- Brathendl (roast chicken): The best damn roast chicken you will ever eat. A great and filling meal if you’ve been putting away liters of beer all afternoon. The skin is unbelievably flavorful, light, and crispy, and underneath is the most succulent and lip-smackingly delicious poultry you’ll ever eat. If you’ve read A Song of Ice and Fire, you know that George R.R. Martin spends an obscene amount of text describing the food and feasts of Westeros. I swear he visits beer festivals in Germany for inspiration. This chicken always reminds me of the way he almost erotically describes roast chicken in the books.
- Steckerlfisch (stick fish): No, these aren’t fish sticks, but literal fish on sticks. Take a simple freshwater fish, like whitefish or trout. Gut it, marinate it, and then stab a big stick through it, end to end. Finally, roast it with the embers of charcoal or a wood fire. Serve on the stick. I’ve never eaten it, but now that I’ve described it, I suddenly want to head over to the nearest Biergarten and grab one.
- Schweinebraten (pork roast): This is exactly what you think it is. Slices of juicy roast pork served in a delicious gravy and usually with some form of potato and/or sauerkraut. A classic, and a great choice, no matter where you are.
- Schweinehaxen (roast pork knuckle): I’ve saved the best for last. A juicy shank of pork roasted to delicious perfection. Crackling, incredibly crispy and flavorful skin covers meat that just falls off the bone. This dish is all about the pork. On the side, there’s usually a couple potato knödel or some form of potato-y side dish. Of course, they all pair perfectly with that gravy. If beer festivals in Germany had an iconic dish, it’d be this.
- Kaiserschmarrn (Emperor’s “scramble”): This is a classic Bavarian and Austrian dessert. It’s essentially a very fluffy shredded pancake served with a sweet sauce. I’ve seen lots of types of sauces paired with the Kaiserschmarnn: vanilla, apple, blackberry, plum, and cherry to name a few. If you do have a sweet tooth after all that savory goodness, beware. It’s quite a lot to put down after a big meal like any of the dinners above, so you’ll probably want to share.
- Lebkuchen (the heart cookies): Finally, the last little bit about food at beer festivals in Germany. This one may be particular to Oktoberfest, but I believe I’ve seen it at other festivals around the country. It’s actually sort of an icon of the festival. The heart cookies are actually more of a souvenir than a food you actually eat. Originally, these cookies began as soft, tender Lebkuchen. Now, they’re a shrink-wrapped, heart-shaped blocks of rock-hard, almost inedible “cookie”. It’s actually become a bit of an urban legend. A significant other only really loves you if they come back from Oktoberfest, drunk as hell, but with the cookie still intact and uneaten. Now, the way I described it, the cookie probably sounded pretty disgusting. However, I don’t think many people can pass up any sort of food when they’re plastered and stumbling home in Lederhosen. Especially when that food is hanging around your neck, ready to be unwrapped and (unsatisfyingly) eaten.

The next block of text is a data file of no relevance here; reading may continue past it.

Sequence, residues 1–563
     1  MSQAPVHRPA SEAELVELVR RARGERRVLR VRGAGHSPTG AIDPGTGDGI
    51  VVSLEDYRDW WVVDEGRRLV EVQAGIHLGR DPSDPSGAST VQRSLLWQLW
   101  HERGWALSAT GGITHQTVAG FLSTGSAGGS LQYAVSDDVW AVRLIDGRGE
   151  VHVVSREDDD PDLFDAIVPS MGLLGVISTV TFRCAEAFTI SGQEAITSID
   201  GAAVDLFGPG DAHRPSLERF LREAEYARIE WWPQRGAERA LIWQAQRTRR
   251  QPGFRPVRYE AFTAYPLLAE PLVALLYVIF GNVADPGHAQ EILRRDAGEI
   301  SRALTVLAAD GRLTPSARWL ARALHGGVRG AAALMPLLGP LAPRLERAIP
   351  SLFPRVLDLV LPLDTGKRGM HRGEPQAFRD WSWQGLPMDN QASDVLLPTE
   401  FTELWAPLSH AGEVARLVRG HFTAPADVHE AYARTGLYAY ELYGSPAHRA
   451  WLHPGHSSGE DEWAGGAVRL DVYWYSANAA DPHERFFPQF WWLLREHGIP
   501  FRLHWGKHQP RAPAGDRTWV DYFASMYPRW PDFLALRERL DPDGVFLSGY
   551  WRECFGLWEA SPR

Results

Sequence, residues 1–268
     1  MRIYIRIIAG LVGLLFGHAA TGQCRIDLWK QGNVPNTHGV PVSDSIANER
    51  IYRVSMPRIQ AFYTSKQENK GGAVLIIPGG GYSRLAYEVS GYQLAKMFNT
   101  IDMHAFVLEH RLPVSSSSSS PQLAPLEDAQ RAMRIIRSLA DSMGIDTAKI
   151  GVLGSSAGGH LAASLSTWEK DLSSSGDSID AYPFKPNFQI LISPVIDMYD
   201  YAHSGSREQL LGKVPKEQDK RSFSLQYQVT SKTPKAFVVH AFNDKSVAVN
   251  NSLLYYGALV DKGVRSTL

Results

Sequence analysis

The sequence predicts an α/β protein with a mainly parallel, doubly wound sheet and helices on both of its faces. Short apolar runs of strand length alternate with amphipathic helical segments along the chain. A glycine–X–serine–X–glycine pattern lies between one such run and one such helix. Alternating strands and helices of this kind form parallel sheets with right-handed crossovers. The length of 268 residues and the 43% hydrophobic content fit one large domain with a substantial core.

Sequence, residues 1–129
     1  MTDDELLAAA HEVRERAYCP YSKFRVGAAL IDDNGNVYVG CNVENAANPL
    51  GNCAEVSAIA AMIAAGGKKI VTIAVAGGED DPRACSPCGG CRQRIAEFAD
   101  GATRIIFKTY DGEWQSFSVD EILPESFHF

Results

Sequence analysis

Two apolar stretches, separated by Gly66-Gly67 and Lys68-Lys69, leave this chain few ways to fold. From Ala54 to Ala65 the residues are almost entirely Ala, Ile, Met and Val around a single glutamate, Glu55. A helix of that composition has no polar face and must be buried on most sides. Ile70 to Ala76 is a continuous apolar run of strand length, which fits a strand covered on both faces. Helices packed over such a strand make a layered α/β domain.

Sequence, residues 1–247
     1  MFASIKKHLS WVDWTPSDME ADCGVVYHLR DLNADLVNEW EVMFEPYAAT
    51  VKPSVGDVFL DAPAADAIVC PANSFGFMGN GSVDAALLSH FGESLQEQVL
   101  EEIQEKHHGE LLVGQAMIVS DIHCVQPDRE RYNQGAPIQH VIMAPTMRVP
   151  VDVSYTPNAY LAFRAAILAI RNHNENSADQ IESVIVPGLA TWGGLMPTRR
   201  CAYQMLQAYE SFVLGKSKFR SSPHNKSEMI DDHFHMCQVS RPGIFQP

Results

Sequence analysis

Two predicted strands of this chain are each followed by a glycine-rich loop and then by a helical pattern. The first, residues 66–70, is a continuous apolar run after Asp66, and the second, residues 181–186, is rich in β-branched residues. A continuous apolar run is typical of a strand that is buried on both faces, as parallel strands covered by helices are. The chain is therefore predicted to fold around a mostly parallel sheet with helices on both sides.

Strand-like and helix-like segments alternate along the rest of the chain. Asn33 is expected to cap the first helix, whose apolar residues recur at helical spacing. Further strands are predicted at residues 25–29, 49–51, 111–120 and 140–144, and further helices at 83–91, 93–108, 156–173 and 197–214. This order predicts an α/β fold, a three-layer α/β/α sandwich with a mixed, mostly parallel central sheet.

A Worthy Tradition
So that’s it! That’s most of what I know and researched about beer festivals in Germany. There is A LOT to take in, and I probably haven’t even scratched the surface of the history and traditions of these crazy and iconic events. Beer festivals in Germany are a ton of fun. To tourists, they’re a slice of history and culture of Germany. But to the locals, they’re a beloved tradition, though we do love to grumble at the over-population of tourists. Plus, they’re a nice excuse to meet friends and family out for an evening of beer and bratwurst.
A final note, just to bring this full circle. If you’ve never seen Beerfest – go watch it immediately. In my opinion, that film is on par with other comedies like … Supertroopers. In fact, it was made by the same people! You’ll see lots of familiar faces, for sure.